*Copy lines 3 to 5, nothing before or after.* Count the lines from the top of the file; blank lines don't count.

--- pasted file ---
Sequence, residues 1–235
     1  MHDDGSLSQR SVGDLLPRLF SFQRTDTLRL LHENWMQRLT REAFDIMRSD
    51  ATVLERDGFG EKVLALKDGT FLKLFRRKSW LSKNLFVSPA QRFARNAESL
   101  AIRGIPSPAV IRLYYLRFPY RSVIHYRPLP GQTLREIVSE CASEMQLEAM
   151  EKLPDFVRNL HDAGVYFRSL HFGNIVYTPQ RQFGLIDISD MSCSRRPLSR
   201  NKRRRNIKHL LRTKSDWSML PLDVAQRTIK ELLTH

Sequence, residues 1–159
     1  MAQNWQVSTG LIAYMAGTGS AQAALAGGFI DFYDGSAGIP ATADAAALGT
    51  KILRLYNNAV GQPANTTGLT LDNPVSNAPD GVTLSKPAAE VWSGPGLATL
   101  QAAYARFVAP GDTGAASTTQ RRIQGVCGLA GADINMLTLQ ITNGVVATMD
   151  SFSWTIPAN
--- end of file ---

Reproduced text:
    51  ATVLERDGFG EKVLALKDGT FLKLFRRKSW LSKNLFVSPA QRFARNAESL
   101  AIRGIPSPAV IRLYYLRFPY RSVIHYRPLP GQTLREIVSE CASEMQLEAM
   151  EKLPDFVRNL HDAGVYFRSL HFGNIVYTPQ RQFGLIDISD MSCSRRPLSR